Whether you’re facing an empty nest, dealing with a career crisis or just feeling “stuck,” asking the question, “Where do I go from here?” can be a loaded one. Getting help from the right source is key to successfully moving up or moving on.
Life coaches can be a great resource to help you set and achieve goals, pursue new interests or to gain a fresh perspective on life. We asked six area pros for their insights into the top issues women face—and how you can start making changes today.
Biggest Issue: A desire to be more vital now that kids are older.
Best Advice: Rather than living vicariously through their children or spouse, Blue believes women making an investment in themselves through life coaching will result in big dividends. “My best tip for women is to live your own life,” Blue says. “If they explore what they love to do and invest more in their own personal development, they are going to be an inspiration to their family and friends.”
Jennie Burks, Certified Life and Wellness Coach, Northwestern Medicine Lake Forest Health & Fitness Center, Lake Forest
Biggest Issue: Women who are seeking motivation to help accomplish their health-related goals.
Best Advice: “Wake up every morning and say out loud how you want to feel, and what you what to accomplish,” Burks says. “Put positive thoughts out into the universe!” Burks says it’s never too late to start, and she encourages clients to pursue their goals by looking toward the future rather than dwelling on the past.
Dana Frost, Master Life Coach, Wilmette
Biggest Issues: Women dealing with emotional pain or “baggage” associated with societal pressures and the stress of parenting, marriage and work/life balances that are often unsustainable.
Best Advice: Dana Frost is a Master Certified Martha Beck Life Coach who helps her clients to navigate challenges by using a variety of multi-sensory tools aimed at healing both the mind and body, including breathing techniques and proper nutrition. Frost uses aromatherapy in all of her sessions to stimulate the limbic system in the brain where memories are stored, impacting emotions and behavior. Remember, deeper, psychological issues are best addressed by a trained therapist or psychologist, not a coach.
“My in-person coaching sessions are designed not just for your head but are aimed at your heart and every cell in your body where deep, sustained transformation can take place,” Frost says. “Similar to an athletic coach, you must be healthy enough to do the work it takes to train with a life coach.”
Laurie Swanson, Wheaton
Biggest Issue: Successful business professionals who are now starting to dream of a future that gives them greater peace, freedom and joy.
Best Advice: “Get still and listen to your inner voice!” suggests Swanson, who uses tools she’s learned over the last 20 years as both an executive recruiter and Martha Beck Trained Life Coach. Swanson uses dream analysis and dream-building techniques by encouraging her clients to visualize what they want the next stage of their lives to look like, breaking down barriers into smaller, more achievable steps to success. “I believe the answers you are seeking are within,” Swanson says. “I use several metaphor and questioning tools to help discover what clients need to move forward in their lives.”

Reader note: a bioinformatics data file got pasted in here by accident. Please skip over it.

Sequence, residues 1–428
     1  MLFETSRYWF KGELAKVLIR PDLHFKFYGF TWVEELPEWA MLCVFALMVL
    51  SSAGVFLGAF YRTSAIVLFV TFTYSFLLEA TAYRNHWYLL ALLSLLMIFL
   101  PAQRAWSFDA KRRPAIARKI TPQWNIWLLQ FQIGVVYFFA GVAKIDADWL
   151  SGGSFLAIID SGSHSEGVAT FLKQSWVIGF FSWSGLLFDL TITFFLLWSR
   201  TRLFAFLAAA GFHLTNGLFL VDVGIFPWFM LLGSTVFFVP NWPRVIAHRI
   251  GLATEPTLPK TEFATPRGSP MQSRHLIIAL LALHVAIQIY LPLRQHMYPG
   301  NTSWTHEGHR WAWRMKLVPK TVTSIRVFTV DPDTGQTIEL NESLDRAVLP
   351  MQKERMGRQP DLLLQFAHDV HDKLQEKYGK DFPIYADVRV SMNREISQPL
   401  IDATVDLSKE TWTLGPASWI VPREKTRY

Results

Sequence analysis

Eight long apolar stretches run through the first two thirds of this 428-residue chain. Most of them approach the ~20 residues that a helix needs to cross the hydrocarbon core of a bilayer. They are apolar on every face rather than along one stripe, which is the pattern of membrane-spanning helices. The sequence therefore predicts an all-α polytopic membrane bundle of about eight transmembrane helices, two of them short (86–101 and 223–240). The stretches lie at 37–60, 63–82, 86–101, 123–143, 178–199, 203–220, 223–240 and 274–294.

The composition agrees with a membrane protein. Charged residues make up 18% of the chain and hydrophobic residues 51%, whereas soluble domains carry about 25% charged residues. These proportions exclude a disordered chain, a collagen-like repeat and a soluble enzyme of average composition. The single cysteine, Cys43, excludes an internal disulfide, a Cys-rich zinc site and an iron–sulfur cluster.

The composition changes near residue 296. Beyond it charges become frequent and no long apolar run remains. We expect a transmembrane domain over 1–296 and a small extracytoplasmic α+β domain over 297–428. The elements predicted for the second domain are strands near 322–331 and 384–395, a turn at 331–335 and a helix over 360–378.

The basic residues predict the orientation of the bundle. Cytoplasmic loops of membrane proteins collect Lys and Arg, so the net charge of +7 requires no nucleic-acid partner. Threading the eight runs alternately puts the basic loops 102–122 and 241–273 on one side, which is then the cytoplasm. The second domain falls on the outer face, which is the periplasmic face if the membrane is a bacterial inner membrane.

Jody Michael Associates, Chicago
Biggest Issue: Women who feel unfulfilled and empty or confused about their next steps as they enter a new chapter of their lives.
Best Advice: Michael says the biggest roadblock to success is negative self-talk that leaves one feeling disempowered and emotionally depleted. “If it’s a loop that you continually play, it is especially devastating to your self-esteem and contributes to self-sabotaging behavior,” she says. “My goal for my clients is complete transformation and optimal performance in life and work.” Michael’s individualized coaching approach utilizes a variety of tools and strategies she’s gained during her 30 years of practice, and begins with four sessions to identify gaps between where clients are currently and where they want to be in life.
Amy Hertzberg, Aim Life Coaching, Northbrook
Biggest Issue: For busy moms, finding “me time.” Women who feel overwhelmed, who are seeking a work-life balance.
Best Advice: “Focus on what you ARE currently doing and all that you HAVE accomplished, rather than on what you have not,” Hertzberg says. In her coaching process, Hertzberg uses the AIMS Model, which first encourages a deeper sense of awareness about a client’s current situation, and the obstacles they face in achieving their goals. After mapping out an action plan, Hertzberg’s role then shifts to more of a cheerleader and support system, celebrating her client’s successes one at a time. She views coaching as a priceless investment. “I compare it to beginning a work-out program,” Hertzberg says. “Coaching is a workout for your emotional health, for your soul.”
Note about finding a coach: The coaching industry is currently unregulated, so anyone can call herself or himself a life coach. Michael suggests inquiring about what certification a prospective coach holds, the number of years they have been coaching and the number of one-on-one sessions they have completed. For more information about life coaching and finding the right professional for you, visit the International Coach Federation, The Institute for Life Coach Training and Martha Beck.